/s/ M. Thomas Shaw, SSJE

Brief Updates

The Washington, DC City Council passed by a vote of 11-2 a measure that would ensure same-sex marriage in the city.  Another vote is needed in 30 days, so Congress could still step in and block the measure.  But we're getting there.

Secretary of State Hillary Clinton spoke on World AIDS Day, saying, "We have to stand against any efforts to marginalize and criminalize and penalize members of the LGBT community worldwide."  Many are seeing this statement as directed towards Uganda and its Anti-Homosexual Bill.  It's a start, I suppose, but why aren't we just naming it?

China has opened a gay bar, subsidized by the Chinese government, in the hopes of slowing down the transmission of AIDS.  Giving gay men an acceptable outlet for their sexuality while providing safe ex information is the goal.

Atlanta holds its runoff election today, with a number of gay candidates on the slate.

Brookline High in Massachusetts is holding a silent protest this afternoon to oppose Fred Phelps, whose church members are known to carry "God Hates Fags" signs to their demonstration.  They are at the high school to protest its LGBT Alliance.

Monday, November 30, 2009

10 Reasons why some of us call it hate....

I was watching the clip of Jon Steward's interview with Mike Huckabee about gay marriage. In the middle of the discussion, Huckabee looks to Jon Steward and says something like, "I don't hate gay people. Those of us who oppose same sex marriage are merely affirming what marriage is, not making laws to keep gays out." I'm paraphrasing, but you get the gist. Rick Warren, Mitt Romney, Sarah Palin -- they all say the same thing.

I've gone along with the notion that many opponents aren't haters. I've always known there were haters out there, but I think at some level I've bought into the line that most of those who oppose gay marriage aren't haters. But something struck me a I watched Huckabee answer Jon Stewart: there is hate in more of these people than I wanted to admit.

Here are some people who claim to respect me.  Here is also why they don't.  And here is why what the represent or say is hateful.

    1. I hear Mike Huckabee describe this wonderful institution that he calls the bedrock of society.  And it's so wonderful, in fact, that if I'm let in, I will ruin it.  That's what I'm told. "I just don't want to be in the same room with you," Huckabee seems to be saying. "I want you out of my institution all together.  Go away.  You'll destroy it." But I don't hate you.  I am not a hater.

    2. Rick Warren, another pastor who "loves" gay people, was essential in creating churches in Uganda.   He worked particularly closely with one of the key movers and shakers of the Anti-Homosexual Bill being considered.  And while he claims to have cut off ties from him two years ago, Warren -- who never hesitates to deal with issues at home and abroad -- refuses to condemn the law that will sentence gay people to death.  "Gay people will die and I won't say a word," is what he is saying.  But I don't hate you.  I am not a hater.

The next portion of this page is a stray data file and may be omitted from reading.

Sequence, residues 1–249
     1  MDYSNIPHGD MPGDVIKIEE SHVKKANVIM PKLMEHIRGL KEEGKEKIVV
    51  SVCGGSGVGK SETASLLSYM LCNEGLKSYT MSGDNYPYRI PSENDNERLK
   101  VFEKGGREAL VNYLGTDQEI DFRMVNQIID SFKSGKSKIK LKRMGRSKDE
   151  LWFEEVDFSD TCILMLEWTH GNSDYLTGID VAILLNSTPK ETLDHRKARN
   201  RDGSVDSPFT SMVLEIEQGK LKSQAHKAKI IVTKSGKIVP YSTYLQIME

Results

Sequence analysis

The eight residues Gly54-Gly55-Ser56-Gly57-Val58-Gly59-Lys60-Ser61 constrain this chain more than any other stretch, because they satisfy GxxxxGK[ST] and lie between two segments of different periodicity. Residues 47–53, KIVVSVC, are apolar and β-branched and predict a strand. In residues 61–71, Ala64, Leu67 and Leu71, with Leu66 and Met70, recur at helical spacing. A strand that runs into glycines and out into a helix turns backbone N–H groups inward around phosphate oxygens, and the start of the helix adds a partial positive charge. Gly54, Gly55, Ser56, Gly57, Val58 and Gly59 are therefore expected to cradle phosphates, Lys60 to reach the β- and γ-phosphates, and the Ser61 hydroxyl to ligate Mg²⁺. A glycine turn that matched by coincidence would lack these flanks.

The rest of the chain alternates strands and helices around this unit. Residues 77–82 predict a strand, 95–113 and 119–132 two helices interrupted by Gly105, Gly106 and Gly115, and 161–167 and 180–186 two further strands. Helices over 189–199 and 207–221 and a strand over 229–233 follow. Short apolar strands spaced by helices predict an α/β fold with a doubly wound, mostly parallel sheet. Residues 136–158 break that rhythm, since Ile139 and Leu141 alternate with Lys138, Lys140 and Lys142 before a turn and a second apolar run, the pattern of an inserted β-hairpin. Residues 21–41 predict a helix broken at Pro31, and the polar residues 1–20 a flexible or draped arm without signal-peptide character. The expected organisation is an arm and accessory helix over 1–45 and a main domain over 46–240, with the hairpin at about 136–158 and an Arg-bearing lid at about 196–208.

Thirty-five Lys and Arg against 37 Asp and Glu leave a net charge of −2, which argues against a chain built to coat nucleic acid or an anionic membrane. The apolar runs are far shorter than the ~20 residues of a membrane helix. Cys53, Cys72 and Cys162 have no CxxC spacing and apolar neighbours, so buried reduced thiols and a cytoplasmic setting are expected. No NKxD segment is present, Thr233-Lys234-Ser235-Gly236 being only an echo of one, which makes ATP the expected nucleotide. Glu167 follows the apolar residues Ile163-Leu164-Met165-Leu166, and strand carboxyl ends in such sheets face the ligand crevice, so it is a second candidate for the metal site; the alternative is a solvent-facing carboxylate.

3. Many bloggers (including have reported on the religious group called "The Family," a group with connections to Uganda and the politicians backing the law to make homosexuality punishable by death.  This is not a fringe group. At least twenty members of Congress belong to this group and thus have ties to the Ugandan government.  Says Terry Gross of NPR's Fresh Air: "The family is also connected to proposed anti-gay legislation in Uganda that could sentence, quote, repeat offenders to the death penalty."  But we don't hate you.  We are not haters.

    4. The night of the ballot question decision in Maine, you'd expect those opposing same sex marriage to be pleased with their results.  But ecstatic? As elated as if they had won the lottery?  The passion behind their behavior went far beyond "preserving marriage" -- their lives wouldn't change one iota the next day.  It was about defeating an enemy.  An enemy consisting of gay men and lesbians who wanted to join the institution they are part of.   If this were a football game, they would have chanted we won, they lost.  But we don't hate you.  We are not haters.

    5.  Oh yes.  Sarah Palin.  She boasted in the VP debate that one of her closest friends was gay.  I wonder if her friend knew this, reported by Michelangelo Signorile: some of her closest advisors are deeply involved with anti-gay and anti-black groups.  Says Signorile of one advisor, coincidentally named McCain,  "In his Web postings McCain has stated that Harvard president Lawrence Summers should be 'persecuted and run out of town' for supporting gay rights. He also believes that the civil rights movement directly resulted in 'black criminality' because people were encouraged to break the law by getting arrested at demonstrations!  But I don't hate you.  I am not a hater.

    6. The Catholic Church has spent millions, yes millions on fighting same sex marriage.  They have chosen to spend this money over feeding the poor.  Sheltering the homeless. Healing the sick.  They have chosen to take their money away from where it might be put to use in a loving, caring way. They have claimed that the end of civilization as we know it will result if gay marriage is allowed. They have said that our mere presence as parents of children would "do violence on them." That's how evil gay people are. But we don't hate you.  We are not haters.